By Thomas Kilroy; Adapted from the play "Ghosts" by Henrik Ibsen
Directed by Austin Pendleton
Produced by the cell in association with The Furies
Off Off Broadway, Play Adaptation
Runs through March 19, 2015
the cell, 338 West 23rd Street
by Dave Osmundsen on 3.6.15
Debra Lass and Keegan McDonald in Ghosts After Ibsen. Photo courtesy of The Furies.
BOTTOM LIME: An extremely heavy but powerfully acted and very intimate adaptation of Ibsen’s scandalous drama.
Norwegian playwright Henrik Ibsen was never one to write a light romp. During the 19th century, he offended the sensibilities of 19th century Norway with plays that depicted gender inequality, marital discontent, and so-called “moral indecency.” His plays A Doll’s House, An Enemy of the People, and John Gabriel Borkman have all had successful New York revivals the last few years. The cell, in association with The Furies, is currently presenting an updated adaptation of Ibsen’s 1881 play Ghosts, which was called “foul,” “filthy,” and “lugubrious” by Victorian-era critics -- and those are some of their nicer adjectives!
Here, playwright Thomas Kilroy has freely adapted Ibsen’s play and renamed it Ghosts After Ibsen, setting it in the mid-1980s, an entire century after Ibsen first wrote the play. Helen Aylward (Debra Lass), widow of Martin Aylward (frequently mentioned, never seen), is almost ready to open a women and children’s shelter bearing her husband’s name (in Ibsen’s original play it was an orphanage). Her son Oliver (Keegan McDonald) has recently come home from abroad, but is mysteriously ill. He later reveals that he has been diagnosed HIV positive (in the original it was syphilis, which he inherited from his father). Meanwhile, the Catholic priest Father Manning (Joseph Stillman) arrives seemingly to finalize details about the shelter, but has actually come to chastise Helen about her appalling behavior during her marriage -- in the first year of her marriage to Martin, she discovered that her husband was a philanderer, and briefly ran away. In later years, she also sent their son away so that he wouldn’t have to live with his father’s sexual exploits. She hopes that the women and children’s shelter will deplete her husband’s wealth so that Oliver won’t receive any inheritance from his father.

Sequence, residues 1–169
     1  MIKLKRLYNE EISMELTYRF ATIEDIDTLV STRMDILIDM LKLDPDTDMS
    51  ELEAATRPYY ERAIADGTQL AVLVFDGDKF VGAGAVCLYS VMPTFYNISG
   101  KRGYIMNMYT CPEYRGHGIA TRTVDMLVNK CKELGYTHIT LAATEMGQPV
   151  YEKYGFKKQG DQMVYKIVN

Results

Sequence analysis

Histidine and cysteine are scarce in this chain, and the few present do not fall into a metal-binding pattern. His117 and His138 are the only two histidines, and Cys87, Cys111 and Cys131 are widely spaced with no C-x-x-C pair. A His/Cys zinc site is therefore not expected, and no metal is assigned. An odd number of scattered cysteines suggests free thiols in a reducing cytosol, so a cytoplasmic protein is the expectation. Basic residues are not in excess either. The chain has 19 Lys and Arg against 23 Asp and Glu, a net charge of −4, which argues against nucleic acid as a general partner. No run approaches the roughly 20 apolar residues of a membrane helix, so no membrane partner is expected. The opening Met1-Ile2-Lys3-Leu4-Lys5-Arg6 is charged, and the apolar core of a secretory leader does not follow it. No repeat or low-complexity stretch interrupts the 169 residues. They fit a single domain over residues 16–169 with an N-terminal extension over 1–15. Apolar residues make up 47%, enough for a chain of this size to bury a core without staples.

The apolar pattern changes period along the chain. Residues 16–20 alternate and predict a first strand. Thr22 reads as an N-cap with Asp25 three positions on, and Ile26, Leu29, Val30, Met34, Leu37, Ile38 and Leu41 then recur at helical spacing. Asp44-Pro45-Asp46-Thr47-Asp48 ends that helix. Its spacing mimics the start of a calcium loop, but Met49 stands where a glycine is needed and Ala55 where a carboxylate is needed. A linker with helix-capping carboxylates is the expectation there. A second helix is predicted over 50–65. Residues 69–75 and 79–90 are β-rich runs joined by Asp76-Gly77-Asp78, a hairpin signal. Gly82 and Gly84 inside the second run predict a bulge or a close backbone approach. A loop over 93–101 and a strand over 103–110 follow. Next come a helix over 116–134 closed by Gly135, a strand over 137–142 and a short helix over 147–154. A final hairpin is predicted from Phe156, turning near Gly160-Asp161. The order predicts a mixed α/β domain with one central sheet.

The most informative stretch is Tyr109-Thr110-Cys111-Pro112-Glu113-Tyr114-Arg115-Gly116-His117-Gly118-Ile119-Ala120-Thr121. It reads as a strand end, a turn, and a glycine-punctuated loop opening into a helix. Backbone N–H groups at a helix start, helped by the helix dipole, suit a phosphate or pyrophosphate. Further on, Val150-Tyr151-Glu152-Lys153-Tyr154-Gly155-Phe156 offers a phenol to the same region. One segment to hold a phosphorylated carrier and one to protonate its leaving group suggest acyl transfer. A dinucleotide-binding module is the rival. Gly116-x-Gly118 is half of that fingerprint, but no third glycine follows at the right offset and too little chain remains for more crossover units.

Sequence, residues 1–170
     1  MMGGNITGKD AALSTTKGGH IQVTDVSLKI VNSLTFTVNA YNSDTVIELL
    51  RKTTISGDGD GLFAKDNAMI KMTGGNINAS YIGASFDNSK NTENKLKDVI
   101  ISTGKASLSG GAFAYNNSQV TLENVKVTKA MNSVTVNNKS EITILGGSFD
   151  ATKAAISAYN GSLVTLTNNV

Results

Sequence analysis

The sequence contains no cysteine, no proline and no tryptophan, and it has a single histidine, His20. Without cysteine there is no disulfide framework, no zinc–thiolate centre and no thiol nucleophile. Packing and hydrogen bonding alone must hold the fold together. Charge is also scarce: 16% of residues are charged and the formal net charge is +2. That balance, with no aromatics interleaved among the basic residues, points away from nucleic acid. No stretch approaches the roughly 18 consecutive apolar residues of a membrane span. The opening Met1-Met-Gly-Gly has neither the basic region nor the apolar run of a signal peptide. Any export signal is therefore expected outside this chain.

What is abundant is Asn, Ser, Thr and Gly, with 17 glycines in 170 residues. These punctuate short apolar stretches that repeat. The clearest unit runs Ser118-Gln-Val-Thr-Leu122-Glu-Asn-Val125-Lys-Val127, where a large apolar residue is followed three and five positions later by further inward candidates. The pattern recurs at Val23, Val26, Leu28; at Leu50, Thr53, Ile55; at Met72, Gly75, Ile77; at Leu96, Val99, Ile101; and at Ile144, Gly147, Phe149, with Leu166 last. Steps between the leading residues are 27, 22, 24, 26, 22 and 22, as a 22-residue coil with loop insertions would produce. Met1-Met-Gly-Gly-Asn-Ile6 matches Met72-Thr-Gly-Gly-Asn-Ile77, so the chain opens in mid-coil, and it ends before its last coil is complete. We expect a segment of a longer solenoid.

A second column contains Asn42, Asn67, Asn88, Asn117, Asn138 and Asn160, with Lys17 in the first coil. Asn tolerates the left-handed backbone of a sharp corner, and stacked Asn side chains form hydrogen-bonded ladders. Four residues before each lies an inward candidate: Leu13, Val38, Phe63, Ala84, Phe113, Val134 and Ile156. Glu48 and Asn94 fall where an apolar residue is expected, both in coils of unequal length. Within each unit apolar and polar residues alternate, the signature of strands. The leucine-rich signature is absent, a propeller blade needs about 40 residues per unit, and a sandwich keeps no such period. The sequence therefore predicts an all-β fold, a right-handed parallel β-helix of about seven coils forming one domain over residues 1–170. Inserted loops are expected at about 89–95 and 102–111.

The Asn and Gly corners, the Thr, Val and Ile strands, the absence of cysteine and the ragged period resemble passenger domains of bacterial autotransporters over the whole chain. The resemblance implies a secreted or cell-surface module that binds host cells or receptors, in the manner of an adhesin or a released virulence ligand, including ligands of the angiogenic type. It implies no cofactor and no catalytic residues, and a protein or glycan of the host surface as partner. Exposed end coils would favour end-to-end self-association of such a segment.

The past, missed opportunities, and regrets come back to haunt her in what she describes as “ghosts.” The “ghost” in this house is the memory of Martin, whose sexual exploits still carry ramifications among his family. Helen also describes ghosts as “dead ghostly teachings,” moral lessons and codes from the past that prevented the characters from being truly happy. For the most part, Kilroy’s adaptation is very faithful. While he’s managed to make a bleak play even bleaker, he expanded upon Ibsen’s original script to make the themes resonate stronger.
Director Austin Pendleton makes excellent use of the small space. We feel like flies on the wall of the play’s proceedings. The intimate effect is well achieved by the actors, as well, although they could all afford to project a little more. Even in the small space, it was difficult to hear them. Debra Lass is very strong as Helen, by turns maternal, desperate, warm, and vengeful. Joseph Stillman is perfectly pious as Father Manning, but also shows the more human side of his character. The two of them share the play’s strongest scene, and their exchanges are tinged with the right amount of regret and sorrow. Keegan McDonald’s Oliver grows more antsy and fidgety throughout the play, a convincing portrait of a man deteriorating.
Those looking for a light and bouncy evening are advised to look elsewhere. This is a heavy, I repeat heavy production, even for a playwright as serious as Ibsen. There are no moments of laughter, and joy is minimal. Personally, I think more of an attempt to find the humor in the text would’ve lightened up the proceedings to its benefit. A good portion of the play is also expositional, which renders it rather loquacious. However, the production is so powerfully acted and well directed that the emotion under the talk is palpable throughout. While not always a pleasant sensation, it results in an empathetic and moving climax that will haunt you (no pun intended) for days. As a fan of Ibsen, it was fascinating to watch his themes play out and even expand in a different setting. For those who aren’t acquainted with Ibsen’s work, this would be a good first exposure, but be advised: You will not exactly leave the theatre in a happy-go-lucky mood.
(Ghosts After Ibsen plays at the cell, 338 West 23rd Street, through March 19, 2015. Performances times vary; visit brownpapertickets.com for full schedule. Tickets are $18 and are available at brownpapertickets.com.